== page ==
A giant Ferris wheel named the ‘Wheel of Light’ was the highlight of the annual Diwali lights switching-on ceremony on Monday evening in the east Midlands town of Leicester, which is called ‘Little India’ due to a large minority of Indian origin.
The arterial Belgrave Road was taken over by nearly 35,000 people to mark the beginning of the Diwali period. Diwali in Leicester is reputed to be the largest outside India, a reputation the local council and people strive to carry forward every year.
Diwali celebrations in Leicester reflect a complex history of migration of Indian-origin people (mostly of Gujarati origin) from Idi Amin’s Uganda in the early 1970s. The town has since become a ‘poster-town’ of multiculturalism in Britain and Europe.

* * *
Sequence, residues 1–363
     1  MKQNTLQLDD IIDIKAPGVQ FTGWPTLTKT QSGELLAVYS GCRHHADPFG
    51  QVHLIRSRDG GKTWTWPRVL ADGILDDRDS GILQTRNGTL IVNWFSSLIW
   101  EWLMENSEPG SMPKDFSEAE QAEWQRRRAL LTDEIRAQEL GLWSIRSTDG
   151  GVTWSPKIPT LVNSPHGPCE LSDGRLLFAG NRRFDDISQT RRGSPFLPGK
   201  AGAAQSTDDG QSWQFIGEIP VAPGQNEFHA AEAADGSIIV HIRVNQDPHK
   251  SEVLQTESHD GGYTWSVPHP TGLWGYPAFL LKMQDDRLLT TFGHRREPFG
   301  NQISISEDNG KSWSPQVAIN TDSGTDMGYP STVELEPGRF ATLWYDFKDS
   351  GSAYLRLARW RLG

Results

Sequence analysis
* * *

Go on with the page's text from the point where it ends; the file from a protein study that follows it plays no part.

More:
The local council, which advised the Indian immigrants from Uganda not to move to Leicester, is now a major contributor and organiser of the Diwali events that attract people of Indian and non-Indian origin.
Describing this year’s Diwali events, the council said: “It’s a far cry from the scene of 32 years ago, when a rather more modest display heralded the beginning of Leicester’s Diwali display”. Nearly 5,000 coloured lamps were switched on.
The 100-feet ‘Wheel of Light’ was a first in the history of officially-sponsored Diwali events in the town. The celebrations have expanded this year due to the demolition of the Belgrave Flyover.
Diwali celebrations in Leicester are among the oldest in Britain. The mayor of London’s Diwali event in Trafalgar Square attracts thousands of people every year; Kerala Tourism was a major partner this year.
Several events related to Indian culture have been organised in Leicester until November 15.